2 This episode is agency folklore around the Soil Conservation Service. I was skeptical of its veracity. In the records of the Soil Conservation Service in National Archives, I located some telegrams which indicated that Bennett was usually informed about the location of dust storms. Then I found that Bennett had told fellow North Carolinian and author Jonathan Daniels about the episode. Another variation of the story, which I have not confirmed, is that Bennett had the Senate hearing delayed until the dust storm's anticipated arrival. Jonathan Daniels, Tar Heels: A Portrait of North Carolina (New York: Dodd, Mead & Company, 1941), 188. Wayne Rasmussen also investigated this question and concluded from Senate hearings that the story was probably true. Wayne D. Rasmussen, "History of Soil Conservation, Institutions and Incentives," in Harold G. Halcrow, et al., eds., Soil Conservation Policies, Institutions, and Incentives (Ankeny, Iowa: Soil Conservation Society of America, 1982), 7.
3 Donald Worster, Dust Bowl: The Southern Plains in the 1930s (New York, N.Y.: Oxford University Press, 1979), 5.
4 Paul Bonnifield, The Dust Bowl: Men, Dirt, and Depression (Albuquerque: University of New Mexico Press, 1979), 130.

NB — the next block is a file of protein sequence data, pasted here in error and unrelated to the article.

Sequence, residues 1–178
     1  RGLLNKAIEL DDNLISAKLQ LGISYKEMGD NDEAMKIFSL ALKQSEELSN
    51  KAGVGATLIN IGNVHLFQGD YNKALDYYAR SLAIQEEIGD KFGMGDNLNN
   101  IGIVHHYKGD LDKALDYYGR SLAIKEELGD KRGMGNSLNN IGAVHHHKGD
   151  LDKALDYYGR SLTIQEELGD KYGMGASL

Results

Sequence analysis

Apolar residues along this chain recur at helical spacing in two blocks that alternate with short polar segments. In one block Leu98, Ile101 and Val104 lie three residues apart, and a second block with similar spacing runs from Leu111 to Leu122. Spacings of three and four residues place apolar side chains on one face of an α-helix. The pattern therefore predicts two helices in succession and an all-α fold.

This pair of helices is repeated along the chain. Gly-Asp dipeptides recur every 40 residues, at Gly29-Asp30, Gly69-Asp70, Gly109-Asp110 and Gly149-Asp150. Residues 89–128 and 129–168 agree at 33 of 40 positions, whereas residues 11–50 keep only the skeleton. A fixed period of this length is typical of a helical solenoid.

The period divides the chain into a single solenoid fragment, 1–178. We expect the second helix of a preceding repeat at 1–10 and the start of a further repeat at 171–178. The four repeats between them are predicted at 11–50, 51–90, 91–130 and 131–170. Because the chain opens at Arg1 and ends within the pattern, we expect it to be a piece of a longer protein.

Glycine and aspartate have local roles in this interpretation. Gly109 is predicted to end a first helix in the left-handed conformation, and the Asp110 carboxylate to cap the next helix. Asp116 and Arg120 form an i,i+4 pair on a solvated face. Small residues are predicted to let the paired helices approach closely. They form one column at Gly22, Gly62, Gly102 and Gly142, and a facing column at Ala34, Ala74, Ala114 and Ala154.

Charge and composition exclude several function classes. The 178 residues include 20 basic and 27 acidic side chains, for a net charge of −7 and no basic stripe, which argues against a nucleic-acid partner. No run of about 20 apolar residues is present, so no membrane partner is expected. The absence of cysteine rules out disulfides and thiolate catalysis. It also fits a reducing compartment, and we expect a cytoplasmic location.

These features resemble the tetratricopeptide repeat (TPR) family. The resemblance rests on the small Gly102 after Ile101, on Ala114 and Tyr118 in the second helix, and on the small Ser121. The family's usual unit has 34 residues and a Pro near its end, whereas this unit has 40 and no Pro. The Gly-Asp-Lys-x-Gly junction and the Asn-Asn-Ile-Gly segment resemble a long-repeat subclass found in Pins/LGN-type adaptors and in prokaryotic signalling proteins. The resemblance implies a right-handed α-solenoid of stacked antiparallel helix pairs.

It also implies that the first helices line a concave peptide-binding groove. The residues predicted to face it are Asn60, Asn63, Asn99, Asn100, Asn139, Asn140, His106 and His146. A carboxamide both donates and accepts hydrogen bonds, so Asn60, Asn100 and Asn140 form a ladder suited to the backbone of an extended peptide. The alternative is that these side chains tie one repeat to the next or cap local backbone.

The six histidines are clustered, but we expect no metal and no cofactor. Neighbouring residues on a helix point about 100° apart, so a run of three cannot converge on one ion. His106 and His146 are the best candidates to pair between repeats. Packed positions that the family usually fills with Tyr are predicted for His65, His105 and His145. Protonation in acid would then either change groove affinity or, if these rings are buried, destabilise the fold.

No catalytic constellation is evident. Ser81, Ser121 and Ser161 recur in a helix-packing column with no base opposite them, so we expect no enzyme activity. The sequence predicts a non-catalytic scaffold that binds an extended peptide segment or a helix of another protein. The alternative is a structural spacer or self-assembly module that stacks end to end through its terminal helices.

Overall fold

5 R. Douglas Hurt, The Dust Bowl: An Agricultural and Social History (Chicago, Illinois: Nelson-Hall Publishers, 1981), 156.
6 Hugh Hammond Bennett, Soil Conservation (New York, N.Y.: McGraw-Hill Book Company, 1939), 739.
7 Donald T. Pendleton, "Home, Home on the Range," Journal of NAL Associates 7 (1982): 78-93.
8 Russell Lord, To Hold This Soil, USDA Miscellaneous Publication No. 321 (Washington, D.C.: U.S. Department of Agriculture, 1938), 67.
9 Lord, To Hold This Soil, p. 67.
10 Donald T. Pendleton, "Range Conditions and Secondary Succession as Used in the Soil Conservation Service," in press, 4.
11 E. J. Dyksterhuis, "Condition and Management of Range Land Based on Quantitative Ecology," Journal of Range Management 2 (July 1949): 104.
12 Thomas N. Shiflet, "Range Sites and Soils in the United States," in Arid Shrublands: Proceedings of the Their Workshop of the United States-Australian Rangelands Panel (Tucson, Arizona, 1973), 26-33.